How DARE you suggest an objective measure!   I know what I’m talking about! Listen to me!


Of course, you can walk down the road and meet a hundred people a day who say this, every one of them with a different opinion about the same subject.  If you don’t have BOTH an opinion AND an understanding of how you came to that opinion, you are vulnerable.


  1. A clear position on reality.  That is the “What is true?” question.  Always go deeper, understanding that you must ground this BOTH in your own perceptions and some non-subjective measurement.   And understand that that “objective” measure was decided upon using subjective criteria, your values, and perceptual tunnels.  You cannot escape that completely.  All you can do, IMO is constantly test your beliefs and positions: “If X is true, then Y would be true as well” you might think, and then research to see if your assumptions are correct. Or: “If X is true, then Z will happen next” then wait to see if Z occurs.  If it does, your position has a predictive capacity, and your belief in it has been strengthened.   You’ll never get to 100%, but if you can BOTH understand the past, feel safe in the present, and predict enough future events to make a pattern…that’s not bad.
  2. A clear position on who YOU are.  And once found, ask if that explains the world around you.  You are looking for the aspect of your own being that is universal.  If the world is peopled with people like you, how does that explain history?  Of course, the observant reader will see the problem here: I”m making a pre-assumption that people are basically alike.  Yup.  So…if that is NOT your belief, then you need to be as clear on what you DO believe as I am in what I believe in order to make rapid decisions and evaluations.   Of course, there are pre-assumptions in that statement as well: that clarity is better than confusion, knowing better than mystery, rapid action and decision better than delayed, even that there is a “better” and “worse” to be discussed.


Back to “what is true?”   Ah, its a maze, and all of it can be deconstructed endlessly.   I’ve made a choice to operate in the world of action, take my stand there, although maintaining awareness that that is an illusion as well. I can deal with the duality.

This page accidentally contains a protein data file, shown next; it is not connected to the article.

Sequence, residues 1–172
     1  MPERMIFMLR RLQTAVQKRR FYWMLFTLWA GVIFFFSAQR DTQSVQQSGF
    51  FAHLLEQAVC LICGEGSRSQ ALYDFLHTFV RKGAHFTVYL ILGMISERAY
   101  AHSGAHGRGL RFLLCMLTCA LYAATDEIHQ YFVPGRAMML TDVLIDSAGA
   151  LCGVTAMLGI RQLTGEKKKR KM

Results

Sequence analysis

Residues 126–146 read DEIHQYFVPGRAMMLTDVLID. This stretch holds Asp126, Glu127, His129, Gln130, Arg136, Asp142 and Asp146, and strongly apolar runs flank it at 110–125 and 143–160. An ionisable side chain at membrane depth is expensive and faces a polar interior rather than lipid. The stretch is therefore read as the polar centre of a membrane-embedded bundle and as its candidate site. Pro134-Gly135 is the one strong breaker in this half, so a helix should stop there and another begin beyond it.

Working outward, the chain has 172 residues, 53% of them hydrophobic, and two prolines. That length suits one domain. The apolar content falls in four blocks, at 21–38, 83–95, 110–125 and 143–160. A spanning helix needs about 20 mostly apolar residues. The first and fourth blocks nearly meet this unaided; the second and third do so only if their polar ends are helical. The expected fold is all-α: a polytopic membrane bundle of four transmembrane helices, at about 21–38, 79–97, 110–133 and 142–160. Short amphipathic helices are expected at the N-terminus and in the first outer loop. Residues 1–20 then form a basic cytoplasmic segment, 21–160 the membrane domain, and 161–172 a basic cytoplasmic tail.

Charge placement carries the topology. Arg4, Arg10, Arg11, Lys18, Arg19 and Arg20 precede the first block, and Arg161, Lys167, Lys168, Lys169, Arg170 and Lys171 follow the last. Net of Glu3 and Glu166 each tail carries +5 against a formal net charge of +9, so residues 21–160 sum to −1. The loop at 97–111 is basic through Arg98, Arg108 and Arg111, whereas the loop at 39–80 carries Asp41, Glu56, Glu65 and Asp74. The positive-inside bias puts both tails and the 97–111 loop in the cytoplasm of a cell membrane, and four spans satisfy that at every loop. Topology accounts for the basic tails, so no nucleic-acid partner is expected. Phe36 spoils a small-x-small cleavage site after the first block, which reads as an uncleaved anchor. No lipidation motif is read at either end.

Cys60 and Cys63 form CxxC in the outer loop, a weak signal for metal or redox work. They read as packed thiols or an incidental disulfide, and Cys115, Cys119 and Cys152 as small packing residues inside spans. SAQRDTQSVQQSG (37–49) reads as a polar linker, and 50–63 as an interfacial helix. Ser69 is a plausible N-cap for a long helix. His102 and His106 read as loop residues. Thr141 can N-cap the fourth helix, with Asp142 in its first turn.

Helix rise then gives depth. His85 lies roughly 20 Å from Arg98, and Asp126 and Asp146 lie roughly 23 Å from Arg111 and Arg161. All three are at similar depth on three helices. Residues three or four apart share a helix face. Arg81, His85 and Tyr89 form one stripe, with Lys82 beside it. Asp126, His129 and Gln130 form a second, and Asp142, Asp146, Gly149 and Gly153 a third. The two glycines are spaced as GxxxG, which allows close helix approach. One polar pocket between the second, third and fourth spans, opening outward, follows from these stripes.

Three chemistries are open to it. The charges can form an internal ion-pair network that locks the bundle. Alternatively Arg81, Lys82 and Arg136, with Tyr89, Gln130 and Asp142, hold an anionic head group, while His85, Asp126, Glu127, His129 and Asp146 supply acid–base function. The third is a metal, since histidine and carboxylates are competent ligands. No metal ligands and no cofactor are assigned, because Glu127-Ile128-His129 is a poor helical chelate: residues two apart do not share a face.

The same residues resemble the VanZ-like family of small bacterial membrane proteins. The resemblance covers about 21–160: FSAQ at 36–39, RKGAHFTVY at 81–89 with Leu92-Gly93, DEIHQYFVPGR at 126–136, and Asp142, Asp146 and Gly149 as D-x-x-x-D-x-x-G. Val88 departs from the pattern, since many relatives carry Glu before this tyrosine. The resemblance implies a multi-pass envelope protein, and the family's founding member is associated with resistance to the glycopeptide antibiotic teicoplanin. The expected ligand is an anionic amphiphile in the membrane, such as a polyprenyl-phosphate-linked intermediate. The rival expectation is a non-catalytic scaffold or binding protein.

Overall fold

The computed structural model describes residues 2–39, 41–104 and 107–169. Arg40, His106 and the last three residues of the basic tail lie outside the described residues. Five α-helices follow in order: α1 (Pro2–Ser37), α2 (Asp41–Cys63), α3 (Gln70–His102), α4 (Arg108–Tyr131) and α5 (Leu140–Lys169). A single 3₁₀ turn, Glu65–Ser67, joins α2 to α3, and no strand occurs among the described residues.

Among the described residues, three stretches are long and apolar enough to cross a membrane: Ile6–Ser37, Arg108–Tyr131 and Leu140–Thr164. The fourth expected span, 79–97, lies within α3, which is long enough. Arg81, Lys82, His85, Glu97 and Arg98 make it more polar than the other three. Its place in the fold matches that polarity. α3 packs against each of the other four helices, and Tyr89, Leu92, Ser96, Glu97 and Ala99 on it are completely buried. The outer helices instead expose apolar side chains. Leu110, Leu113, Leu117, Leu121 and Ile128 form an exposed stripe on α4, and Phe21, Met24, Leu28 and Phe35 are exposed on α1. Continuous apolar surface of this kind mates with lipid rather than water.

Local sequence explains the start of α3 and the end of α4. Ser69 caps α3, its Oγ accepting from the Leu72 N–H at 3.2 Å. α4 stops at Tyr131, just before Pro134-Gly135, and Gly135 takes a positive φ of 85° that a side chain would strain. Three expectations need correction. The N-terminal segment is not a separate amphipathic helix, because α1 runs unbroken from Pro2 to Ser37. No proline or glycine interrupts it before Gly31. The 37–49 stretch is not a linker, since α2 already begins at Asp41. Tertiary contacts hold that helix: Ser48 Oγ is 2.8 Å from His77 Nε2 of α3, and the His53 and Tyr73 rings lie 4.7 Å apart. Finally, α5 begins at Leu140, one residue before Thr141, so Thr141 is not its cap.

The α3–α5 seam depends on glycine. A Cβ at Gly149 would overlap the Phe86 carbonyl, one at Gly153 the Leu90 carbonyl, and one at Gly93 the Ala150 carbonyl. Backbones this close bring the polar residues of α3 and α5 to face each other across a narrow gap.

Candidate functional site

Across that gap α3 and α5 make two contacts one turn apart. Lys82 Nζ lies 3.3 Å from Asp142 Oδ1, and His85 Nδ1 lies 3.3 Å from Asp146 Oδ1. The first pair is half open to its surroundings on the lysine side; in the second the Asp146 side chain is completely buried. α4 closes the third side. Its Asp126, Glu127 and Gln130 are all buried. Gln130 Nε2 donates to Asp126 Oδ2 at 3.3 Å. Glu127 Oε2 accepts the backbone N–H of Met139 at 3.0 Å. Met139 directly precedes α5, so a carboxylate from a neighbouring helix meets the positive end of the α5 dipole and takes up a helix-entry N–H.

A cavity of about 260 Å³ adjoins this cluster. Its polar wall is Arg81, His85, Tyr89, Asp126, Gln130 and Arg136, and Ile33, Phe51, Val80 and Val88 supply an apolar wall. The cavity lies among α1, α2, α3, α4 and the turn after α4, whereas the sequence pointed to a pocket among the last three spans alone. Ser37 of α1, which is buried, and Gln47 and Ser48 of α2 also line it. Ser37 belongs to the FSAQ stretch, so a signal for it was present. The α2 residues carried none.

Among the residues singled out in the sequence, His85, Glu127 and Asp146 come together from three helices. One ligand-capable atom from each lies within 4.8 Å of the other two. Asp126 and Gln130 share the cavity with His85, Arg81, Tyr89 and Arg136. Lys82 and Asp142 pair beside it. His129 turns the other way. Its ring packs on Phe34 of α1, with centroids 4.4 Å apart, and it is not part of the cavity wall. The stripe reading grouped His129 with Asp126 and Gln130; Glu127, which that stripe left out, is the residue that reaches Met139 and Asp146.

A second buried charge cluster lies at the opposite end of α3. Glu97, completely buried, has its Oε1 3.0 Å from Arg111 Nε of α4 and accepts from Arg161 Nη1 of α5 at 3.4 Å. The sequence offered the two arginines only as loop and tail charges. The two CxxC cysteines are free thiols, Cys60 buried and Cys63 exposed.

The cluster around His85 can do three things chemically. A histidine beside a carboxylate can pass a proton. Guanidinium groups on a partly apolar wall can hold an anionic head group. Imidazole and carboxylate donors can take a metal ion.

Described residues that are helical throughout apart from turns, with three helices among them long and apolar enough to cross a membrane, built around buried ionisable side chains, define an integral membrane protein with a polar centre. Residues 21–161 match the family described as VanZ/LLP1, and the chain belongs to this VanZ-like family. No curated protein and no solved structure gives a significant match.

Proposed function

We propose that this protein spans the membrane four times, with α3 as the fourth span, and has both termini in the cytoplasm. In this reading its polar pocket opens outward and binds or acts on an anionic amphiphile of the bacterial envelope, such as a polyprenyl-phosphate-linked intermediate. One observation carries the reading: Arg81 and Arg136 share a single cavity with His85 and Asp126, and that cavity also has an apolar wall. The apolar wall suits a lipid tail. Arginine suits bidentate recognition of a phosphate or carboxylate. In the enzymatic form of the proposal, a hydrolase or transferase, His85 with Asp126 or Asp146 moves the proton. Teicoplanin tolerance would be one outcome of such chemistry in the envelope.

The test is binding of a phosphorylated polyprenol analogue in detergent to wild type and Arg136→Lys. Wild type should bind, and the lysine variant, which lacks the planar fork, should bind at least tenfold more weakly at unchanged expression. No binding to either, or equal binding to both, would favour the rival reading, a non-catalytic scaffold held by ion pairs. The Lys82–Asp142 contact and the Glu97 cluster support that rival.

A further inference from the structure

The point is this: If I say “model successful people” you can fall down a rabbit hole asking which traits to model, which values are worthwhile, whether external results affect internal states, on and on.  Spend your whole life doing that. And my belief is that people who do this are not deeper in some way. They are just afraid to commit.


Of course, that’s a belief and an evaluation as well.


You will NEVER make everyone happy.  There will ALWAYS be people who disagree. That’s fine.  That’s step #4, remember?  FIND YOUR TRIBE. Don’t try to convince everyone–that way lies paralysis and madness.


Choose.  Decide to create an accurate map of reality that describes you, your beloved, and the history of humanity.   Create it as you choose. And then?  Then I will assume that you, like all living things, wish to avoid pain and gain pleasure.  And then?  Assume that the greater accuracy your map, the better you will be at reaching your destination (all things being equal…which they never are.   So you have to average the map results across as many people as possible who hold a given position, IMO).  So if you feel more joy and less pain, I’m going to be more interested in your view.  And if you have better results in all four arenas, I’ll be REALLY interested.


And if, on analyzing your journey, you seemed to start where I started, with equal or fewer resources, and STILL got better results?  I’m going to switch to your path, take your opinions and test them in my life to see what happens.


That’s MY epistemology. My way of asking “how do I know what I know?”   Which relates to “who am I?” and “what is true?”

Have yourse.  Go deep.  Understand yourself, your family, and human history without a mass of kludgy patchwork beliefs that allow you to navigate pre-selected political, religious or philosophical positions, or social rules, or the things your friends want you to believe, or what your lovers tell you you have to believe to be sexually acceptable.